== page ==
This benefits runners like Jeramey Jordan. After months of effort, he finally cracked the B Standard and earned his singlet by running a 4:46 mile at the Kansas City Corporate Challenge, representing Pro Athlete, Inc. where he’s now Facilities Manager. He regularly joins the faster guys for workouts. “These turn out to be mini races for me, just to see if I can keep up. But I’m getting faster. I’ve run the Boston Marathon three times, and my marathon’s down to 2:52 (he finished an hour before the bombs exploded at the 2013 race, barely missing the mayhem at the finish line)”. He’s done USA Nationals, and even pitched in and competed in the steeple chase (without knowing how to hurdle) and race walk (without knowing how to race walk – but who the heck knows how to race walk?). Jeramey Jordan is impatient though, he’s not satisfied to just chase the fast guys. He’s run 11 marathons and 26 half marathons since 2010. One race at a time, he keeps chipping away at the gap between his current PR and the A Standard qualifying time.
Jordan said, “The running community in KC is getting huge. You see a thousand people at every race, and there are six races every weekend. People get together after the races, they get brunch, or go to one of the cool coffee shops. The running scene in Kansas City is starting to really pick up. Hopefully more people will join the Smoke and get f aster.”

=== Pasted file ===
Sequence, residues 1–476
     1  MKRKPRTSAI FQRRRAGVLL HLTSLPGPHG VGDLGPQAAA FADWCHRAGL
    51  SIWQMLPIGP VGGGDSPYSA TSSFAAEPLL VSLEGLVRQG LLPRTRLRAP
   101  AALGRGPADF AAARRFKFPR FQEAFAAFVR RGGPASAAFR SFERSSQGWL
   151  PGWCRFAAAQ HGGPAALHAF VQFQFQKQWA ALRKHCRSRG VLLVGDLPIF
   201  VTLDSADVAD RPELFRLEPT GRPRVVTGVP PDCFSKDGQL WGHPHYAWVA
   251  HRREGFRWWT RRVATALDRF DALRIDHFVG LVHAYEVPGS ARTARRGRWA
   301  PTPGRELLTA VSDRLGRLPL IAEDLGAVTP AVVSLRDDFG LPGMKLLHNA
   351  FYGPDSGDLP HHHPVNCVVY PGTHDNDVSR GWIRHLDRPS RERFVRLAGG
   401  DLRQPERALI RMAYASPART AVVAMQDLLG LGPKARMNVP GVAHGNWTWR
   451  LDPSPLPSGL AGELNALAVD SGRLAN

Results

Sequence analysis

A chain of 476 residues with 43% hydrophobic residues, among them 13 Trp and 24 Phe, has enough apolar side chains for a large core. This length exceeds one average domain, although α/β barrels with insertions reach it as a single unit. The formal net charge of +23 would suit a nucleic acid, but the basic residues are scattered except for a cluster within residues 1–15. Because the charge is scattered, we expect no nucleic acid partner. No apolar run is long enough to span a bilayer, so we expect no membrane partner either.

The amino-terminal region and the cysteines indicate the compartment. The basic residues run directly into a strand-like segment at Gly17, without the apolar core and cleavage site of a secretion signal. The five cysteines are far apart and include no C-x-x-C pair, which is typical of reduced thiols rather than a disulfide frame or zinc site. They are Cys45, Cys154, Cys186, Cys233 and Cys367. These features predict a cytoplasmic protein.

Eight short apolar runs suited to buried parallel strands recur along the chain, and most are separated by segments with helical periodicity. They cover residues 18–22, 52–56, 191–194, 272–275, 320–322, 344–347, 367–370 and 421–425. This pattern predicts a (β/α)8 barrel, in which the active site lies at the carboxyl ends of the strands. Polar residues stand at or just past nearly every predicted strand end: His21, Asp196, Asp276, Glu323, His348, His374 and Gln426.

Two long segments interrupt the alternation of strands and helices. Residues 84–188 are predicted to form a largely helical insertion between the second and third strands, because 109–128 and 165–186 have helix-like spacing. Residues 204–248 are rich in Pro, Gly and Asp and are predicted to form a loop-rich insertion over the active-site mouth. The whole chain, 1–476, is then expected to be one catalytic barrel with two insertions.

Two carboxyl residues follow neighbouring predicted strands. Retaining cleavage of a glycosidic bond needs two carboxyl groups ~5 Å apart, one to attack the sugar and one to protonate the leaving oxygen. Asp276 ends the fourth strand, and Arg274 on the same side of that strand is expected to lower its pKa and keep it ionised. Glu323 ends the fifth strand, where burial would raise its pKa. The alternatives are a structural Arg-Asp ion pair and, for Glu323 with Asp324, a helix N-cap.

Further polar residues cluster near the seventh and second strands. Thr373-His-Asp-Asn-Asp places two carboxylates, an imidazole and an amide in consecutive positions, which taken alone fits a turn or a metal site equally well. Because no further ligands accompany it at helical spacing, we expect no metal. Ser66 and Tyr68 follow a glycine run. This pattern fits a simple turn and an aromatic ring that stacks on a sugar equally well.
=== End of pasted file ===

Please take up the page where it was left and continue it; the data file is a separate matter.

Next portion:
Nurturing its B Standard symbolizes what the Smoke does for Kansas City – it’s a trickle down thing. More B standard runners will help the Smoke support more elite runners. More elite runners will help drive participation in big races. Big races will fill up local restaurants and motivate those restaurants to offer healthier fare – and a better IPA selection. All of this will give city officials justification for building new running trails and promoting Kansas City’s mojo as a running town that’s starting to blur the difference between runners who line up within 25 feet of the starting line and everybody else.
To find out more about the Kansas City Smoke’s B Standard qualifying times, visit their website: http:// www.kansascitysmoke.org.]]>